Ginger & Rosa (9/10)
by Tony Medley
Runtime 90 minutes.
Not for children.
I thought that existentialism
became passť upon the death of John Paul Sartre in 1980. You donít hear
much about it these days, but along comes this film whose prime mover is
Roland (Alessandro Nivola) whose daughter is the titular Ginger (Elle
Fanning). Weíre shown that Ginger is inseparable from her friend Rosa
(Alice Englert, who is presently being seen on the screen as the star of
Beautiful Creatures. This, however was her first film). Englert,
although not stunningly beautiful, exhibits a unique steamy sexuality
that marks her as a star in the making.
We meet Ginger and Rosa at
their birth in the same hospital on the same day in 1945 and get to know
them in 1962 at the height of the Cuban missile crisis, which Ginger
takes very seriously. Gingerís mother, Natalie (Christina Hendricks) is
in a terrible relationship with her husband, Gingerís father, Roland.
Like most existentialists, the things that Roland says sound wonderfully
intuitive. When disdaining religion, Roland tells Ginger, ďThe only life
we have is the one we have now which is why we must seize it.Ē That
sounds like such a wonderful, self-evident truth. Roland lives that. He
seizes it in a way that maximizes his pleasure, regardless of
responsibilities to family or to other people. As the film progresses
Roland is shown to be especially hatefully selfish. It is a wonderful
indictment of existentialismís self-absorption.
The cast is fantastic. Nivola
is charming and attractive. The way he expresses his existential beliefs
is captivating until one sees how he actually lives his philosophy in
the way treats his wife and daughter.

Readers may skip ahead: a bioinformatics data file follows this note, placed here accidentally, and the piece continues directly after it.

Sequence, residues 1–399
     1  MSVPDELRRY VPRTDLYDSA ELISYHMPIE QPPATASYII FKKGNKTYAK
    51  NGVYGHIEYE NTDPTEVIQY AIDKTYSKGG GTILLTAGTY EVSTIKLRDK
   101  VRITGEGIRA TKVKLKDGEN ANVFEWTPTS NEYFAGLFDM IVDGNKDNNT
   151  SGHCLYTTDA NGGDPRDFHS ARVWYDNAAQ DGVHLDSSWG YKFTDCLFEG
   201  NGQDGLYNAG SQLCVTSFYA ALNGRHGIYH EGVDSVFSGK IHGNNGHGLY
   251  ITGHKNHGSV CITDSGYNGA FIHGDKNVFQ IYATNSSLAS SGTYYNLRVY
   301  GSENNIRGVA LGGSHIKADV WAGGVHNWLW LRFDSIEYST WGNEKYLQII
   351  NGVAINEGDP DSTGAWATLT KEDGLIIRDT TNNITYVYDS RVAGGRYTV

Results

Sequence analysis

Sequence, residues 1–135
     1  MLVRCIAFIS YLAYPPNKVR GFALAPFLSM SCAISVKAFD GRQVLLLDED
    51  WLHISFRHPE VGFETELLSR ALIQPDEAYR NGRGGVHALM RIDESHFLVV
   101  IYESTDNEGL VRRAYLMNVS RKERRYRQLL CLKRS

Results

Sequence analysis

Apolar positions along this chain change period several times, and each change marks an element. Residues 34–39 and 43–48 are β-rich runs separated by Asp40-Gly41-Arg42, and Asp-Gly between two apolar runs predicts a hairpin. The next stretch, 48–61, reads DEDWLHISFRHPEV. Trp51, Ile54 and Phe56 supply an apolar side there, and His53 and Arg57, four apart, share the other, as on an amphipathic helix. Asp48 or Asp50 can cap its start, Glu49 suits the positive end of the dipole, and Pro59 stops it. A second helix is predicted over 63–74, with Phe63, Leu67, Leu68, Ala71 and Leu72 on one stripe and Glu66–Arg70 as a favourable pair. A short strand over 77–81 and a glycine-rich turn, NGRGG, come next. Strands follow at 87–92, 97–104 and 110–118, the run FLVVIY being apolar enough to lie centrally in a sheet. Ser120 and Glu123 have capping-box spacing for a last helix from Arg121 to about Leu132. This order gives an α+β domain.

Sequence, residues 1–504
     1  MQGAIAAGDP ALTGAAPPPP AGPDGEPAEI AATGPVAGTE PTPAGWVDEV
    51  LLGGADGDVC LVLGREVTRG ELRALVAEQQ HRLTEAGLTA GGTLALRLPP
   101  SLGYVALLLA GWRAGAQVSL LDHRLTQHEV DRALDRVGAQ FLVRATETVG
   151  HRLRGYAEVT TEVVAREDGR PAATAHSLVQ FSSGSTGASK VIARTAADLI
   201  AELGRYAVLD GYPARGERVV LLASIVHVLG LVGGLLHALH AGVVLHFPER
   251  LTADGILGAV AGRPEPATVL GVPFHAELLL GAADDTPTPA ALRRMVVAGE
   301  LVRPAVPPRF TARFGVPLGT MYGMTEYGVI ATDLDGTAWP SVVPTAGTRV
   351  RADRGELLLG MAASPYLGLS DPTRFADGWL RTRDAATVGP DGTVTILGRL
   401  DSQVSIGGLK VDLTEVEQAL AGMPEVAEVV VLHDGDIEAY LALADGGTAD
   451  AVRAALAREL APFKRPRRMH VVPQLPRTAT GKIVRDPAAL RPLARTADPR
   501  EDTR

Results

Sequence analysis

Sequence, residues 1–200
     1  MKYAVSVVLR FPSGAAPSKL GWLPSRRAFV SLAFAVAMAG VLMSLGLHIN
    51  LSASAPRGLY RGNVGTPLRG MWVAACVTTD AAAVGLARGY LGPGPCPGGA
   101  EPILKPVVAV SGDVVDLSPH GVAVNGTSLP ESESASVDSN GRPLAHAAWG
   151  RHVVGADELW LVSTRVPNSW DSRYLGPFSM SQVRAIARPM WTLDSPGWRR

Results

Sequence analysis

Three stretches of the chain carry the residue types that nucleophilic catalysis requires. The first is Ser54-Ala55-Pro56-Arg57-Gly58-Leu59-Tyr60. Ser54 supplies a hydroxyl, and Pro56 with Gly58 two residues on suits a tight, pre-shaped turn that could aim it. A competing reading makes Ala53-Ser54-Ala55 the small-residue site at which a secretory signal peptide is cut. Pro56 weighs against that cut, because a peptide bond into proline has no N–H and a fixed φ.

Fanning gives a fine, sensitive performance as the naÔve young girl getting to know
her own mind, torn between feuding parents and the actions of her best friend.
Oliver Platt and Timothy Spall
play the openly gay couple. Could there be a film about existentialism
in the 1960s without one such couple? Rounding out the cast is Annette
Bening, kind of a British answer to Gertrude Stein, a liberal single
woman writer with a butch haircut in this group of effete Bloomsbury
As good as the cast is, the
film is buttressed by wonderful cinematography (Robbie Ryan) and period
music (Amy Ashworth, Music Supervisor and Alan Lewens, Music
Written and directed by
confirmed feminist Sally Potter ("I came from an atheist background and
an anarchist background, which meant that I grew up in an environment
that was full of questions, where nothing could be taken for granted"),
this is a surprising indictment, at least to me, of the type of person
normally associated with people like Virginia Woolf (the author of the
book upon which Potterís 1992 film, Orlando, was based) and her
Regardless of (or maybe
because of) the ideological slant, this is a fascinating film.